Casually combining chocolate and dragons, as children’s books should.
The Dragon with a Chocolate Heart follows the story of a young dragon named Aventurine who is turned into a human by a “food mage” who tricks her into drinking cursed hot chocolate. Once a human, her dragon family no longer recognizes her so she has to join human society and get an apprenticeship, which she chooses to do at a “chocolate house.”
Overall, I’d definitely recommend this book to kids and even teens, but I’m not too certain if it holds up for adults. … More The Dragon with a Chocolate Heart by Stephanie Burgis (2017)
I’m not sure whether to call this “Girl Power: the Novel” or “PTSD: the Novel.”
The Alice Network is a historical fiction novel telling the combined stories of Charlie Sinclair and Evelyn Gardener, who both lost a close, spirited friend to the cruelties of the two world wars. They team up in search of Charlie’s missing cousin, Rose, and in the end discover that their experiences were quite similar, embrace independence, and finally hunt down the person who wronged them both.
Now, I don’t think you should read this book. … More The Alice Network by Kate Quinn (2017)
Originally posted 1/3/2016. Lead images from Amazon. 5 STARS and 3 STARS (respectively) So the full titles of the books are: Epigenetics: How the Environment Shapes Our Genes by a professor named Richard Francis and Rock, Paper, Scissors: Game Theory in Everyday Life by Len Fisher. These are both non-fiction books, so I won’t exactly be focusing … More Epigenetics (2012) and Game Theory (2008)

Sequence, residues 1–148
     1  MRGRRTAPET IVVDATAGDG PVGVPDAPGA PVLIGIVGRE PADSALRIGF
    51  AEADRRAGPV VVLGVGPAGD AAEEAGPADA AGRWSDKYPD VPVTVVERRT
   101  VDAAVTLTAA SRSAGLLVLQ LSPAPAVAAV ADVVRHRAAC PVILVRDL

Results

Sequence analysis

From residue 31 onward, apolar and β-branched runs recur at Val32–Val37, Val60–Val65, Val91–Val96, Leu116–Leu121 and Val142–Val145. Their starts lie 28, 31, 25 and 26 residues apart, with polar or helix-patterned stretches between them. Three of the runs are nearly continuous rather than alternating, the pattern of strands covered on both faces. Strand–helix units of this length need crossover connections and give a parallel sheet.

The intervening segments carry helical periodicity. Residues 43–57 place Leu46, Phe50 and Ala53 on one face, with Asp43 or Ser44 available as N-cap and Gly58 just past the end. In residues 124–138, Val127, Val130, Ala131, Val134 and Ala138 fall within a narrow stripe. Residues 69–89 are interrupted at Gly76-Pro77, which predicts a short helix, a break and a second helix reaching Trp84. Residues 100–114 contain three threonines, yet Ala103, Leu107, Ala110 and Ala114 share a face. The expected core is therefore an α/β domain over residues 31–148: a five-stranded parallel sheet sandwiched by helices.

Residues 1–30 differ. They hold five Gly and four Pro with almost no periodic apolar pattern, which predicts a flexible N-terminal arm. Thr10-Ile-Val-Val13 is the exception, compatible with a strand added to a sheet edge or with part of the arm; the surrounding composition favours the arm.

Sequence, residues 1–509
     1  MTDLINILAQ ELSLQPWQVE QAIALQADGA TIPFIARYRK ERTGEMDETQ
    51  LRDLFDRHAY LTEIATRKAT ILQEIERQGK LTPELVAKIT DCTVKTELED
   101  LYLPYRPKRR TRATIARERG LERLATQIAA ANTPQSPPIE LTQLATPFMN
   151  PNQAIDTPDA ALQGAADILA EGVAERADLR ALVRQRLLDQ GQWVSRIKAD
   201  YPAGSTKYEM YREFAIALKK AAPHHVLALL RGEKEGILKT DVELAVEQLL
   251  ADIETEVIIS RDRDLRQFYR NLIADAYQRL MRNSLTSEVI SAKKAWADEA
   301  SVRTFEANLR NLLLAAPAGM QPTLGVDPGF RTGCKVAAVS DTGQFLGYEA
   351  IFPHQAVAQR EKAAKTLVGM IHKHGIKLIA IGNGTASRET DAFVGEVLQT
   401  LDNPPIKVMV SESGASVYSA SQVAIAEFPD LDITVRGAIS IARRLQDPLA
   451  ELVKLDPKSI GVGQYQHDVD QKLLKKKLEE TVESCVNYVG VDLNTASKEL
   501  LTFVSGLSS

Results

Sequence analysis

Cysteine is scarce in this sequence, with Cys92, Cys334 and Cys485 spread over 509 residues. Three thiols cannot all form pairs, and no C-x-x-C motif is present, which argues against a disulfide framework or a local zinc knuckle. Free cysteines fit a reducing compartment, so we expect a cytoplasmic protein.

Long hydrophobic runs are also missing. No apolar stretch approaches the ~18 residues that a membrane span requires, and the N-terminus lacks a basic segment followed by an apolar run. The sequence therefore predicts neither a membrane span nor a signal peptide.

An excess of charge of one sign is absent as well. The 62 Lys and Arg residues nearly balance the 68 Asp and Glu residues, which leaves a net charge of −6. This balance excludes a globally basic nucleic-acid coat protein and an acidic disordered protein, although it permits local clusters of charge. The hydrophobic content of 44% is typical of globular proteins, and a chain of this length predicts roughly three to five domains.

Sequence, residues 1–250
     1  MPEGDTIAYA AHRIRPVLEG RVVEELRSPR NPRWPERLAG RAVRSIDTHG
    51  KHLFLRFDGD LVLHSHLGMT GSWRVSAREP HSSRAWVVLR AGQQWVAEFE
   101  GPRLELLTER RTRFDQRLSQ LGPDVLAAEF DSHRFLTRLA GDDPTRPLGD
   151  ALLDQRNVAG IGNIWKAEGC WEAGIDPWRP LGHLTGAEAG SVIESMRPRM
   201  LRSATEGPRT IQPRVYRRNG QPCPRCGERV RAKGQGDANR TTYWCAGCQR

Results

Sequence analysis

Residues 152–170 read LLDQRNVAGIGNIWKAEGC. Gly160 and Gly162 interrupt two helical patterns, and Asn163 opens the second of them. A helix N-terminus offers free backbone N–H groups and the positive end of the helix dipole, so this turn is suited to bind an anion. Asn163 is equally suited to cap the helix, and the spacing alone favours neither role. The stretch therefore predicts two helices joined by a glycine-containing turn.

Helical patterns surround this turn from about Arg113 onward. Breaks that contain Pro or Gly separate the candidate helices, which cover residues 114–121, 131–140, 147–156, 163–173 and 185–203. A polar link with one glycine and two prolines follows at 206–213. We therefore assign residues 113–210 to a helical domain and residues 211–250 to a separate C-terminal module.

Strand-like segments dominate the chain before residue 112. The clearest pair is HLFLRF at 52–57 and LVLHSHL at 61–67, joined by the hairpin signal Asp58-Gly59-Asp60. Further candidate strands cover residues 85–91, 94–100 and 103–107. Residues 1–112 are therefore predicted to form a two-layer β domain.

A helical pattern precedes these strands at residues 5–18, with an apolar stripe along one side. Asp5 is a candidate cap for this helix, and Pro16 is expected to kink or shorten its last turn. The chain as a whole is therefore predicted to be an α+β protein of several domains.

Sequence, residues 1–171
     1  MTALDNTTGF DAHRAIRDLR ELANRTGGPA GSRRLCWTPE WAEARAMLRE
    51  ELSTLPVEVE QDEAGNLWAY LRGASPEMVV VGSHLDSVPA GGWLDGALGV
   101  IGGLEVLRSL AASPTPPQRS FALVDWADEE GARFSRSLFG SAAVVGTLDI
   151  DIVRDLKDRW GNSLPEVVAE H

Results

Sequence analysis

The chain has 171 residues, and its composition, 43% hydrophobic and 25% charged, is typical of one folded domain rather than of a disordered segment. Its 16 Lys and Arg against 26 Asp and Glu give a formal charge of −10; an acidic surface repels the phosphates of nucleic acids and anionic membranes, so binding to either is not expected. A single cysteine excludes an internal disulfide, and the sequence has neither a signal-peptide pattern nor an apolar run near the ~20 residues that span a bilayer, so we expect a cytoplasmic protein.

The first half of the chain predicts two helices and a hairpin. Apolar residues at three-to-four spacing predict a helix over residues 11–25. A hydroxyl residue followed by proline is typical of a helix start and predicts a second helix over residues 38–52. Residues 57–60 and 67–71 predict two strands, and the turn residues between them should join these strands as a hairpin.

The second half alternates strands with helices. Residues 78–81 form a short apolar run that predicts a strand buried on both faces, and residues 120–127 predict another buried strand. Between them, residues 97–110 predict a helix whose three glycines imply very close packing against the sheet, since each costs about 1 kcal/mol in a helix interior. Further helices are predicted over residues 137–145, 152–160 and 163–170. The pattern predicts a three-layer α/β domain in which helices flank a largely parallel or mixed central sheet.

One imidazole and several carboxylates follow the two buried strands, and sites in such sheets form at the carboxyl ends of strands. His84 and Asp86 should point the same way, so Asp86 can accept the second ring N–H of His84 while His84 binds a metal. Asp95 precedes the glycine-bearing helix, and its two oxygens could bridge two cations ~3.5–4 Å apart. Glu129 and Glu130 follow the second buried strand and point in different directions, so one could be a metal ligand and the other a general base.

Moneyball is not what I expected it to be. I expected it to be a depressing account of how math and machines are slowly going to stamp out our individuality, but the narrative I read was quite different. It was about merit triumphing over appearance, about strategy outdoing wealth, about brain beating brawn, about overlooked young rookies finally being given a chance. It’s one of those untold, hope-inspiring stories of a quiet revolution happening right under our noses. … More MoneyBall: The Art of Winning and Unfair Game by Michael Lewis (2003)
What I Liked…. This is the hardest category for me when it comes to Shakespeare. … More Othello by William Shakespeare (1603)
What is there to say? It’s incredibly funny. But then there’s a deeply philosophical question for all us artists: should we create Art for Art’s Sake, or should we also include Political/Social/Moral messages in our works? … More The Importance of Being Earnest by Oscar Wilde (1895)
3 STARS 6/10 less now than then Yep, chapters 9.01 – 20.3 dropped past 4 stars and down to 3. Why? Well, that’s what I’m here to tell you, now isn’t it? The Pros: Emma: Before, I thought it was pretty unrealistic that a bully would so persistently go after one particular person (Skitter). … More Worm by Wildbow Review #3